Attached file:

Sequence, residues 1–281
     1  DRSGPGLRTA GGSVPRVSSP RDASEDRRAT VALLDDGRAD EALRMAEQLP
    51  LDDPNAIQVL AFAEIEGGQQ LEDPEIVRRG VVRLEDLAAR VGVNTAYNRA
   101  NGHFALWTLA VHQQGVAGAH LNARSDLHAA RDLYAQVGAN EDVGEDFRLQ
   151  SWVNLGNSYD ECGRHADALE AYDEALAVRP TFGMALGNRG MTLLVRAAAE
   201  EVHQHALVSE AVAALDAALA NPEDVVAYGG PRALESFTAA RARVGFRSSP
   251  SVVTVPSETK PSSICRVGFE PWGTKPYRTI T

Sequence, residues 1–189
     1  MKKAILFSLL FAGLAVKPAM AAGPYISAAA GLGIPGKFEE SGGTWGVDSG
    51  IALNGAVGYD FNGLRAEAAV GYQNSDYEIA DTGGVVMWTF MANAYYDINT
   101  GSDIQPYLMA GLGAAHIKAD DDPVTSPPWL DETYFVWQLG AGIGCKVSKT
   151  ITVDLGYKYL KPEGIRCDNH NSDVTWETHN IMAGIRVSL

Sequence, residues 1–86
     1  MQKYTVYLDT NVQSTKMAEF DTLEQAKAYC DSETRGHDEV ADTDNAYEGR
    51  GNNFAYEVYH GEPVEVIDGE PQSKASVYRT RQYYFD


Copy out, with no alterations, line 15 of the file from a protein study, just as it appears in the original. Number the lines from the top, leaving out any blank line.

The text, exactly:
    51  GNNFAYEVYH GEPVEVIDGE PQSKASVYRT RQYYFD